DNA evidence left on cell phones can help detectives solve crimes.
Your cell phone holds secrets about you. Besides the names and numbers that you've programmed into it, traces of your DNA linger on the device, according to a new study.
DNA is genetic material that appears in every cell. Like your fingerprint, your DNA is unique to you—unless you have an identical twin. Scientists today routinely analyze DNA in blood, saliva, or hair left behind at the scene of a crime. The results often help detectives identify criminals and their victims.
Your cell phone can reveal more about you than you might think.
Meghan J. McFadden, a molecular biologist at McMaster University in Hamilton, Ontario, heard about a crime in which the suspect bled onto a cell phone and later dropped the device. This made her wonder whether traces of DNA lingered on cell phones—even when no blood was involved.
To find out, she and a colleague collected flip-style phones from 10 volunteers. They used swabs to collect invisible traces of the users from two parts of the phone: the outside, where the user holds it, and the speaker, which is placed at the user's ear.
The scientists scrubbed the phones using a solution made mostly of alcohol. The aim of washing was to remove all detectable traces of DNA. The owners got their phones back for another week. Then the researchers collected the phones and repeated the swabbing of each phone once more.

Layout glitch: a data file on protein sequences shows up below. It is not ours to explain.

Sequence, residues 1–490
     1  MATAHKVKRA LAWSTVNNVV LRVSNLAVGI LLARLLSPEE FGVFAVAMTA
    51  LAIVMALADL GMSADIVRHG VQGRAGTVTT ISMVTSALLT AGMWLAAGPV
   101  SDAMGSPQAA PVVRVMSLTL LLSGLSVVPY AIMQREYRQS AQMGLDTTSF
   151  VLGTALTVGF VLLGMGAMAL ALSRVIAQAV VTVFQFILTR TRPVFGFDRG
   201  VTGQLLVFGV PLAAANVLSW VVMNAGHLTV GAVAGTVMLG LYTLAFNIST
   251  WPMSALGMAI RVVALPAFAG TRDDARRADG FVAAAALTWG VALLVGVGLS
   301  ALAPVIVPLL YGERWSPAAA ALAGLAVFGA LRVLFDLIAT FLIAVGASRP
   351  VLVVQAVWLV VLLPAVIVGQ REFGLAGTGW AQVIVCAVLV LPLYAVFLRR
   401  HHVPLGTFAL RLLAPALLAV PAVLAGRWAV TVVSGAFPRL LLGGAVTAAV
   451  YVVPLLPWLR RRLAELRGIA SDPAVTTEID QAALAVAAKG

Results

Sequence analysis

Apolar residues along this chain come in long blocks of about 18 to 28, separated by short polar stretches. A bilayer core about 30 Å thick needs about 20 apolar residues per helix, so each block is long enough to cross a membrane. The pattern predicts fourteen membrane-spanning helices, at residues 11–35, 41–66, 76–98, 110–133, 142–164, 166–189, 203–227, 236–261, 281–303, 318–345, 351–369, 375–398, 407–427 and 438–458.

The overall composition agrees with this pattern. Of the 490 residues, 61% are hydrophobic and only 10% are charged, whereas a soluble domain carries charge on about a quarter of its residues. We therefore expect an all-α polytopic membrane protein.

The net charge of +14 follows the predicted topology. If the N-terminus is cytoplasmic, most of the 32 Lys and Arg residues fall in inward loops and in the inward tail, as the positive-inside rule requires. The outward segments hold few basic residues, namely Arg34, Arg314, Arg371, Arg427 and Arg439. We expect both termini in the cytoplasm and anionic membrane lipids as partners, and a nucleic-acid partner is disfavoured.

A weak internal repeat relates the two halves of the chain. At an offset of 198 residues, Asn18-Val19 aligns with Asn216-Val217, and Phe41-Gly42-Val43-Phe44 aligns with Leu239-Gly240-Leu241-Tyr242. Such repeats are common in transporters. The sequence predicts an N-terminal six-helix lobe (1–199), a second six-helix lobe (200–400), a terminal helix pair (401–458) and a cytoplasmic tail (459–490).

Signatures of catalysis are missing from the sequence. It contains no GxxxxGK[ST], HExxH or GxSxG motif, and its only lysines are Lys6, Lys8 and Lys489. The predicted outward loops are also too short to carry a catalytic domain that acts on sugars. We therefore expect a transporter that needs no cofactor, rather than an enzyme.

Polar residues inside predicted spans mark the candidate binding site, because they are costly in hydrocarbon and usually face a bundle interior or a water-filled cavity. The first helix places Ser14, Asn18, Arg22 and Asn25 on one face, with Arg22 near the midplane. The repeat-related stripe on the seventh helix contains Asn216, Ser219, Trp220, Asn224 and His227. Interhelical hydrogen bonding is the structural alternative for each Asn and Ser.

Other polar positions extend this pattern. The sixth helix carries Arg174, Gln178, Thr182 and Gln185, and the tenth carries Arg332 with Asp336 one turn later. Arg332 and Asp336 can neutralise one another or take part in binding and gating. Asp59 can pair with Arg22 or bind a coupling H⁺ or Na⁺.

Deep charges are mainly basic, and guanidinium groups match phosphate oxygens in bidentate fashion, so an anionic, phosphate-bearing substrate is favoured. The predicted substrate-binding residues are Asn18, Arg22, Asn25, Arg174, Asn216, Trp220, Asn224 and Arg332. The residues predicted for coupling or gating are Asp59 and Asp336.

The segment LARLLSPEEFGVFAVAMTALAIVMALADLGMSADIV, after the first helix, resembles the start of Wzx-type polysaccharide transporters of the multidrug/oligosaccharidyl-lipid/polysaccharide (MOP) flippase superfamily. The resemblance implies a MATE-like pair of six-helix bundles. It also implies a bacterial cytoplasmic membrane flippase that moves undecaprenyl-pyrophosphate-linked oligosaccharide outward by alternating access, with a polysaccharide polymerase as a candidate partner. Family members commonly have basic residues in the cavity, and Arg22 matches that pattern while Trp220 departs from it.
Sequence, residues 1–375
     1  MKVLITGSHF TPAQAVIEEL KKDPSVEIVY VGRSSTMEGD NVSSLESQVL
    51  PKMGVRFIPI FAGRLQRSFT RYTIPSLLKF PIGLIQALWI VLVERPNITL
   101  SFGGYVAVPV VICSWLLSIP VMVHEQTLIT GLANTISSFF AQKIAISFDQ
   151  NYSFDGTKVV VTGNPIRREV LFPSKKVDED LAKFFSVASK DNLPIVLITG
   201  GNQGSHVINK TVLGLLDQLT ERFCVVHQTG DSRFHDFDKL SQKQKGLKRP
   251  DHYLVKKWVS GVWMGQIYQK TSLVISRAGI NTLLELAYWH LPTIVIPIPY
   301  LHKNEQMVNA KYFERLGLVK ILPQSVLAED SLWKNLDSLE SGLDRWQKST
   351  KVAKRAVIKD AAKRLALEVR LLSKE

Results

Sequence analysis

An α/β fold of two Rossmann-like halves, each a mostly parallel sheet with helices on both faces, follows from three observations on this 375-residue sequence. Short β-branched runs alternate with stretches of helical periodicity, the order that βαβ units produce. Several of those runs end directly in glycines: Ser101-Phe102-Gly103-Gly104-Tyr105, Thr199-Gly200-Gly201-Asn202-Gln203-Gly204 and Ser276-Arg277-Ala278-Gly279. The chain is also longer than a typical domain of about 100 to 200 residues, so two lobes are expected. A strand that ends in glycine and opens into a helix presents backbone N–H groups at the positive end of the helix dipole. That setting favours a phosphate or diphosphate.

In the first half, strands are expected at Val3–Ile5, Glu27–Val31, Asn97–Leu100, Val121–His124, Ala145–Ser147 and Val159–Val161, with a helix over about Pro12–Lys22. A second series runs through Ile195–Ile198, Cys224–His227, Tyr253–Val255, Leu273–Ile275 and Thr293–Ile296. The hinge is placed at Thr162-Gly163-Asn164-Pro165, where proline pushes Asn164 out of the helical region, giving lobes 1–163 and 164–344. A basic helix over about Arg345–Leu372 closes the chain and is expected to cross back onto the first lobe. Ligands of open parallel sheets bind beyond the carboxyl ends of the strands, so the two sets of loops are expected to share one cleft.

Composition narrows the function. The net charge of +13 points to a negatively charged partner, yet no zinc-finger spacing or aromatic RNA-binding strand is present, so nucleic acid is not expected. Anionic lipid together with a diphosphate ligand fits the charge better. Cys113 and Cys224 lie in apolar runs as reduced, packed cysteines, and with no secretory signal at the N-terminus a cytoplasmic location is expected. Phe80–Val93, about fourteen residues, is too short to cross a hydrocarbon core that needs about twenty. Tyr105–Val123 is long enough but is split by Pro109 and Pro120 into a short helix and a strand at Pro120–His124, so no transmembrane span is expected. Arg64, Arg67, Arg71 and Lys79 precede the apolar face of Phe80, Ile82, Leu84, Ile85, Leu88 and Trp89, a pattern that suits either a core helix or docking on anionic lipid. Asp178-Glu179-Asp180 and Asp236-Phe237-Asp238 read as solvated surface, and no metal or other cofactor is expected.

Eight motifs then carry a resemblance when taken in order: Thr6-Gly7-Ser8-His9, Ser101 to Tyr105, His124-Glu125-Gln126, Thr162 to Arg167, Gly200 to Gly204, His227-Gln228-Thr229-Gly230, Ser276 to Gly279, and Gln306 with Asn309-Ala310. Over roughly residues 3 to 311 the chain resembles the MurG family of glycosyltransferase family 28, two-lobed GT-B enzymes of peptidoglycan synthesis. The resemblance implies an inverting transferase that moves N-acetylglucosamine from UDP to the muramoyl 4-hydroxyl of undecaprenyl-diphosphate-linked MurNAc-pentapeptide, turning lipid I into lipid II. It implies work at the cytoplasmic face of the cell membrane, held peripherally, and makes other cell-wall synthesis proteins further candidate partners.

The scientists discovered DNA that belonged to the phone's owner on each of the phones. Better samples were collected from the outside of each phone, but those swabs also picked up DNA that belonged to other people who had apparently also handled the phone.
Surprisingly, DNA showed up even in swabs that were taken immediately after the phones were scrubbed. That suggests that washing won't remove all traces of evidence from a criminal's device. So cell phones can now be added to the list of clues that can clinch a crime-scene investigation.—Emily Sohn
Perkins, Sid. 2008. Calling all clues .... Science News 173(March 8):158. Available at http://www.sciencenews.org/articles/20080308/note18.asp .
Sohn, Emily. 2004. Crime lab. Science News for Kids (Dec. 15). Available at http://www.sciencenewsforkids.org/articles/20041215/Feature1.asp .